• Release of documents prior to a hearing to help anyone one (eg a journalist under FPR 2010 r 27.11(2)(f)) to understand what is happening;
  • Release of documents after a hearing (Cape Intermediate v Dring);
  • Publication of a judgment anonymised or not
  • Reporting restrictions orders; and – especially – for how long (and for how long are parties to be embargoed from releasing, or the press from publishing, material in the case?
  • Anonymisation or parties, and of witnesses (eg witnesses, especially experts, social workers, accountants, medics and valuers)


In law, all of these topics start from open justice principles; but none are related directly to whether or not a hearing takes place in private. FPR 2010 r 27.10 does not necessarily apply.


Hearing in ‘private’


Although each of Administration of Justice Act 1960 (AJA 1960) s 12(1), FPR 2010 r 27.10 and CPR 1998 r 39.2(3) speak of hearing ‘in private’, only r 27.10 tells us that ‘proceedings held “in private”’ means the public have no right to be present. Case law tells us a lot more. This was explained in ‘Private hearing, in secret and in chambers’. So what then are the consequences of a hearing being held ‘in private’?





Areas for immediate review or reform


The areas referred to above for reform can be boiled down to:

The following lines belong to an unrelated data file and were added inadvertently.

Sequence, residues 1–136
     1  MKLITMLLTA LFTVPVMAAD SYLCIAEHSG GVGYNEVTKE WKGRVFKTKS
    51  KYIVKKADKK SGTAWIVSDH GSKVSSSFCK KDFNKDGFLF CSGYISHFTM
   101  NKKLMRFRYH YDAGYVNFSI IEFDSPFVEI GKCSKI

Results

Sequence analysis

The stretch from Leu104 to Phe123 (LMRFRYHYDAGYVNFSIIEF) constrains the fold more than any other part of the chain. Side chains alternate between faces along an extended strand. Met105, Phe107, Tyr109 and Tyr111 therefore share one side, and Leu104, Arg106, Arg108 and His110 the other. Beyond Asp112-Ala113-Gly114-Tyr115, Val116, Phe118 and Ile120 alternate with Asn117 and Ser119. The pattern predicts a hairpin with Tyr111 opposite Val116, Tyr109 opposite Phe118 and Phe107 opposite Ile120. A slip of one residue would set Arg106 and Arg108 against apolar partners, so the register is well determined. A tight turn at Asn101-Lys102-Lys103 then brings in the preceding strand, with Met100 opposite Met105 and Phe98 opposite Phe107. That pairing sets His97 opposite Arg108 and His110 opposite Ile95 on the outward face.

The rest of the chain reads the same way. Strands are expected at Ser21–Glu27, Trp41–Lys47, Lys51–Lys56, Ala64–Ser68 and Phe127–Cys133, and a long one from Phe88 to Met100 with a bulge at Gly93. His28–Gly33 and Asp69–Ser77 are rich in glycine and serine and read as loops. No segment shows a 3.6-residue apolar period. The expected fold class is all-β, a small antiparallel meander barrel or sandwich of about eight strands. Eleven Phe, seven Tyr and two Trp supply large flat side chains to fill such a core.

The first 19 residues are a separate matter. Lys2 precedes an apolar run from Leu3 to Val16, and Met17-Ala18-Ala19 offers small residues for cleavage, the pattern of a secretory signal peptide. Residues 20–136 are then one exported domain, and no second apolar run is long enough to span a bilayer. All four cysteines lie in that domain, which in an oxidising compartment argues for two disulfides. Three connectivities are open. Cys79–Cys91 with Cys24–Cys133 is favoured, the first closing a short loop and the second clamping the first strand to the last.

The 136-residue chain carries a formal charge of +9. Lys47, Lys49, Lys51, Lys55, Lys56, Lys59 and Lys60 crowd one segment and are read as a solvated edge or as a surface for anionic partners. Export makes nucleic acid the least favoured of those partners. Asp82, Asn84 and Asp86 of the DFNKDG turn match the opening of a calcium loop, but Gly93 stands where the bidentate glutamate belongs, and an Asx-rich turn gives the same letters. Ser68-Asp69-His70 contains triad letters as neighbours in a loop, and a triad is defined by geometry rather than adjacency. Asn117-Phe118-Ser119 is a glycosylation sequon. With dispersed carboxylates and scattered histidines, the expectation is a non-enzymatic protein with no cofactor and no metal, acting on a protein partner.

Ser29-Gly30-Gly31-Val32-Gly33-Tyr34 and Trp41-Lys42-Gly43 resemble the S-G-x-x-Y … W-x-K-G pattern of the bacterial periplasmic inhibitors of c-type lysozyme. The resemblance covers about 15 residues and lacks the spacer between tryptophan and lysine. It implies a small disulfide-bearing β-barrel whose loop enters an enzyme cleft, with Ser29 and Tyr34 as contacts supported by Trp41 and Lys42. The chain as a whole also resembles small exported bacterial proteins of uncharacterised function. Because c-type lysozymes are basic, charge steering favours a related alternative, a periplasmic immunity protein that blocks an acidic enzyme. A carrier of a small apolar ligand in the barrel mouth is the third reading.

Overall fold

• Anonymisation of parties and of witnesses.
  • Release of documents prior to a hearing, with permission of the court.
  • Release of documents after a hearing to non-parties (Cape Intermediate v Dring), with permission of the court.
  • Publication or ‘use’ of disclosed documents.
  • Publication of a judgment anonymised or not
  • Reporting and other restriction orders: for how long?


This note will touch on the first to the fourth of these.


(1)        Anonymisation


I know work is being done in other parts of the common law jurisdictions on this. I will only mention it here because, in a case which is to be dealt with privately, anonymisation on terms directed by the court, or agreed by the parties, will be important early on. Any documents – such as skeleton arguments, statements (without enclosures) etc – released to non-parties (eg to the press; under (2) in the above list) – can be suitably anonymised from an early stage in proceedings.


By the way, calling parties first, second etc ‘respondent’ does not anonymise them: it just confuses the reader, especially when the case may be entitled Re x. And then in the Court of Appeal the parties may all be something different. Please give the parties names, or – if anonymised – false names or letters. (One case I was involved in recently the judge just took all the initials and moved them one place in the alphabet: I am not sure that was much by way of anonymisation.)